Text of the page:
October 2012 Issue 57

Articles in this Issue:

We are still Troy Davis

By: Marlene Martin

IT’S DIFFICULT to mark the one-year anniversary of the execution of Troy Anthony Davis by the state of Georgia on September 21. Difficult for so many reasons.

It’s difficult to be reminded that he was executed despite overwhelming proof of his innocence. That he was executed even though nearly all of the witnesses who testified against him at his original trial came forward to say their testimony hadn’t been true. These witnesses were the overwhelming reason for Troy’s conviction in the first place, since no physical evidence ever linked him to the crime. But all that had no bearing on his conviction or sentence, as far as the court system was concerned.

How we fight for abolition

California 2005, thousands protested the execution of Stan Tookie Williams
By: Randi Jones Hensley

In November, the people of California will vote on the Savings Accountability and Full Enforcement Act (also known as SAFE or Proposition 34), which would replace the death penalty in California with life without the possibility of parole.

Abolishing the death penalty in California would be a huge victory as the state makes up one-fourth of the entire country’s death row population. If Proposition 34 passes, over 700 people would be taken off death row, and the growing trend towards abolition would continue after the end of the death penalty in Connecticut, Illinois, New Mexico, and New Jersey.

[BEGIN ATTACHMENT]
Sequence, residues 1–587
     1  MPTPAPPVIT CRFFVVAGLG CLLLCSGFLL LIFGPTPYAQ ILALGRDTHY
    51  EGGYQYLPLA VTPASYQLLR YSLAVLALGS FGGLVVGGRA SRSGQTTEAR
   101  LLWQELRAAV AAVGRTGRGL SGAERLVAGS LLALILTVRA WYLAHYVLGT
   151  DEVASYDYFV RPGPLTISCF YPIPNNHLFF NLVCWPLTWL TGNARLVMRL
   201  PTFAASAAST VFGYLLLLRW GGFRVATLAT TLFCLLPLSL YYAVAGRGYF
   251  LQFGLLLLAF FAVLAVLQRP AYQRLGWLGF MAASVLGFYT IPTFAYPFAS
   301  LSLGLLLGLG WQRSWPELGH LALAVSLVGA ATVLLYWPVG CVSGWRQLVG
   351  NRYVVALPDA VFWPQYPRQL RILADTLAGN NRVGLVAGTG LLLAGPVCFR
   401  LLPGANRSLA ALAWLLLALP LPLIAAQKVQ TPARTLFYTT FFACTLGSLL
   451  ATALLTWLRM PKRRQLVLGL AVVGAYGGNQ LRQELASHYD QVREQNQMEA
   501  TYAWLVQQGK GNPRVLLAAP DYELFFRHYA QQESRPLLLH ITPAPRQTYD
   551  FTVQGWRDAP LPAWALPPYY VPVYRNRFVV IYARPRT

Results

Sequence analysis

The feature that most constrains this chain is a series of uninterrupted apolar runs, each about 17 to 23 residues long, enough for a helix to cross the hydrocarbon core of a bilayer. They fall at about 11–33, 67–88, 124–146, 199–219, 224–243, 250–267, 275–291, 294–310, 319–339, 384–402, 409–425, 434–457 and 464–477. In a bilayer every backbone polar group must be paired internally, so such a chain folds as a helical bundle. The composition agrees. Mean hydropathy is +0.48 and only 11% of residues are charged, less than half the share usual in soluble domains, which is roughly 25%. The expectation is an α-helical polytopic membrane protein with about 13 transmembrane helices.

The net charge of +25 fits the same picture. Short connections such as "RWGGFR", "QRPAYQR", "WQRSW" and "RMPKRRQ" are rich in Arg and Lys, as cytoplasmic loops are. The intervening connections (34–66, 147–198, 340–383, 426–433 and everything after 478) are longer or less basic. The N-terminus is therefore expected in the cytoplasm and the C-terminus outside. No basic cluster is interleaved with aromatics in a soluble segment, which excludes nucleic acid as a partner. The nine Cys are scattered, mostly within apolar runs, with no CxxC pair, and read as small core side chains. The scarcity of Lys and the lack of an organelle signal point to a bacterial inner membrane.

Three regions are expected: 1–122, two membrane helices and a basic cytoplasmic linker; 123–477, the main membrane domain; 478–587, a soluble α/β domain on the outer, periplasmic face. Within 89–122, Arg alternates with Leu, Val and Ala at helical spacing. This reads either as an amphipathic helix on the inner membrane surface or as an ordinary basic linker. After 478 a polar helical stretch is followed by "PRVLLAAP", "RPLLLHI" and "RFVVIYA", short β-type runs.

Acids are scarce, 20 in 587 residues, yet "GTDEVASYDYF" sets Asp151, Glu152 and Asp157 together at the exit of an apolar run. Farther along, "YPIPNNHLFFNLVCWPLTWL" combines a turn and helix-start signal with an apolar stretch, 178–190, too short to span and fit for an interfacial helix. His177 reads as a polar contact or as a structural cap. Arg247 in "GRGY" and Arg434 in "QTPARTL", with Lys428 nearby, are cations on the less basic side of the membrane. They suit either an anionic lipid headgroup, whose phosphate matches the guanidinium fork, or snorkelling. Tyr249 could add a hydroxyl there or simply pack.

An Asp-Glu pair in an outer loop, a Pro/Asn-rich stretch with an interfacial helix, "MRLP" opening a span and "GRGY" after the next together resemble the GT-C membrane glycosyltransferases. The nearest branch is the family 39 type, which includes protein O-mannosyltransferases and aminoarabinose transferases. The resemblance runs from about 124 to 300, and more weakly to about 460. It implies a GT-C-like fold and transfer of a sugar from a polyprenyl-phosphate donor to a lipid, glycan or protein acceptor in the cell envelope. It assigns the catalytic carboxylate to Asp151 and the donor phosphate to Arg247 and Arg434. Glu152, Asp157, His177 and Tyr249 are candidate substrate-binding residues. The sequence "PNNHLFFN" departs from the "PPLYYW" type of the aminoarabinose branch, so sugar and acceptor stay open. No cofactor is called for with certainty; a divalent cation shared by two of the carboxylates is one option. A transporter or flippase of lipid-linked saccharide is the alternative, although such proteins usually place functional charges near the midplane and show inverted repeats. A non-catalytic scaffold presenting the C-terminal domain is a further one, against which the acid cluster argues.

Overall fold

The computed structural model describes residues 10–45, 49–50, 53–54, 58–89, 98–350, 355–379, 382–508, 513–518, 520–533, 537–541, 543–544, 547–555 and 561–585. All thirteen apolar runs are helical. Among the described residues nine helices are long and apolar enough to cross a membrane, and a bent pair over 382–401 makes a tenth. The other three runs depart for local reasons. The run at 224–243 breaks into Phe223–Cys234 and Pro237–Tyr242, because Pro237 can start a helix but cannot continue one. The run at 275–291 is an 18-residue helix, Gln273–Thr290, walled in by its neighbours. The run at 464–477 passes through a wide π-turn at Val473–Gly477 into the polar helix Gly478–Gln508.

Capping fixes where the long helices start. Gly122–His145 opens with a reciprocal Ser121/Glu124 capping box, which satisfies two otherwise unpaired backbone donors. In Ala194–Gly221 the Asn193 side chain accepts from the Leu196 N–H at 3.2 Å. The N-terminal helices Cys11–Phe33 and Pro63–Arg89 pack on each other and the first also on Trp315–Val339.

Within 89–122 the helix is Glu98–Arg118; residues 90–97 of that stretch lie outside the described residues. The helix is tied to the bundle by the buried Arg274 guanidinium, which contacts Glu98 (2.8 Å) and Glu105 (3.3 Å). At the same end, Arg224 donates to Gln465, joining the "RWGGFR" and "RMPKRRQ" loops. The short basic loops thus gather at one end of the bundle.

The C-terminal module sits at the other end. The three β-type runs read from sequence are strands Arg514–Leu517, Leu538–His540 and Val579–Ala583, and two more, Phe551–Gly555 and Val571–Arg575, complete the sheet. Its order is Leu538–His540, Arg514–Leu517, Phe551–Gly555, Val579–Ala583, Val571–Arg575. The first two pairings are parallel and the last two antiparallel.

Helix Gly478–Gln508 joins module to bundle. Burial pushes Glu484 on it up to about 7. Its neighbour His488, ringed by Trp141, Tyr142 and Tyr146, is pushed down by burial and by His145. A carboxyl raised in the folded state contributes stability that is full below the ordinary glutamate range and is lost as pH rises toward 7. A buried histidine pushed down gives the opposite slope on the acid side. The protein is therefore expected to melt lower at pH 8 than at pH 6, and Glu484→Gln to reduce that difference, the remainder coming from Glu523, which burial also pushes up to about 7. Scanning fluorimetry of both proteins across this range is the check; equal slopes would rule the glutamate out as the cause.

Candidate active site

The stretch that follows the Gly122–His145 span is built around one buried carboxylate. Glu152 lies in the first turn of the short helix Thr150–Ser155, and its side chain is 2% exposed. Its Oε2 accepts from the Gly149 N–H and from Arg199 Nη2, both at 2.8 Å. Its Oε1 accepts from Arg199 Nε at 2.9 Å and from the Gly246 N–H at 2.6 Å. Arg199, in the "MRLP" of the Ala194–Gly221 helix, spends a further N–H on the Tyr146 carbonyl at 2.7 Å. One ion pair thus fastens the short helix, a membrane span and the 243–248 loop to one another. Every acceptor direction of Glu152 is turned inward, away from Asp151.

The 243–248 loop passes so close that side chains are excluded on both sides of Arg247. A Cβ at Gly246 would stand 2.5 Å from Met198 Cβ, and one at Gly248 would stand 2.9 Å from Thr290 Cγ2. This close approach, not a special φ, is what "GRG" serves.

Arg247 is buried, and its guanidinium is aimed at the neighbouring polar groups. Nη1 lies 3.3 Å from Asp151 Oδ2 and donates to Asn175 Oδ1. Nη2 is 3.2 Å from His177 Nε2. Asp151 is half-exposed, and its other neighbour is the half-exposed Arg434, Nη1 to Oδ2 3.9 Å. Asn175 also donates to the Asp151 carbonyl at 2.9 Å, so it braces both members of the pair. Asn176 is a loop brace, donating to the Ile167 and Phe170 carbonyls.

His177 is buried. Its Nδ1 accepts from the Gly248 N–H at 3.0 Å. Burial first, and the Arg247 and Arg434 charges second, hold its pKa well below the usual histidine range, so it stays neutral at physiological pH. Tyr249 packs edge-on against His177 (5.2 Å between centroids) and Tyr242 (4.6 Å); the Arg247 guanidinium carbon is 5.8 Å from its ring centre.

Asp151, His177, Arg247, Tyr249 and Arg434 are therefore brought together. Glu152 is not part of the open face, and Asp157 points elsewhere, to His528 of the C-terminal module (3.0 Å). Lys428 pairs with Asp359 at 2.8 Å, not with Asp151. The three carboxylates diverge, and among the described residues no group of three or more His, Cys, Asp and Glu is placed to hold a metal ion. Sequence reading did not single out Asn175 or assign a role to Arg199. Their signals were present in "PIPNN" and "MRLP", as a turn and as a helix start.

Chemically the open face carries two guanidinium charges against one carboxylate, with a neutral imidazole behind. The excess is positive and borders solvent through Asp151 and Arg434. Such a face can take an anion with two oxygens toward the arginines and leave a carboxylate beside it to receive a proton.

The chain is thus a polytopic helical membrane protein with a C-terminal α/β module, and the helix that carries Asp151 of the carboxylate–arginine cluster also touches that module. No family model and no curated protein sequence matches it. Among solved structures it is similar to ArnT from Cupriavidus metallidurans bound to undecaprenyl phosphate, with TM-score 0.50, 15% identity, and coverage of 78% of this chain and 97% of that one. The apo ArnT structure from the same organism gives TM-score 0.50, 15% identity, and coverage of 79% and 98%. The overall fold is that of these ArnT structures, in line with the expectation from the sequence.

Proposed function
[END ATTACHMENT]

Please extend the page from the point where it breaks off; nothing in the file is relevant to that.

Judge rules against Rodney Reed

Evidence of innocence should matter

By: Marlene Martin

Texas death row prisoner Rodney Reed suffered a disappointing setback when federal district Judge Lee Yeakel ruled on August 13 against compelling new evidence of Reed’s innocence.

As many readers of the New Abolitionist are aware, Rodney was convicted by an all-white jury in 1998 of raping and killing 19-year-old Stacey Stites in Bastrop, Texas. Semen is the only evidence linking Rodney to the crime. Rodney says that he and Stacey had been seeing each other, on and off, for a while. There are other people who can vouch that the affair was taking place. In fact, 11 people were prepared to speak to this fact at Rodney’s trial, but only two were called on.

Why I am a monthly sustainer

By: Jack Bryson, interviewed by Sandy Jones

The Campaign to End the Death Penalty (CEDP) stays afloat financially through our monthly sustainer program.

Rodney Reed gives a shout out

On Saturday, July 21, people from Bastrop, Austin, Houston and elsewhere came together to help raise awareness and money for Rodney Reed’s plight. Rodney’s written words were read out at the event.

Fight the power! CEDP!

“Power concedes nothing without a demand.”

— Frederick Douglass

Hello to you all and thank you for coming out in support of this event and my plight for truth, justice and freedom.

We all know the truth about this “criminal system of injustice.“ We hear about it, we read about it, we see it, and unfortunately, some of us have to live with and through it. Word is, we know about it. Plan is to continue to organize, strategize and educate, and dedicate ourselves to one and another.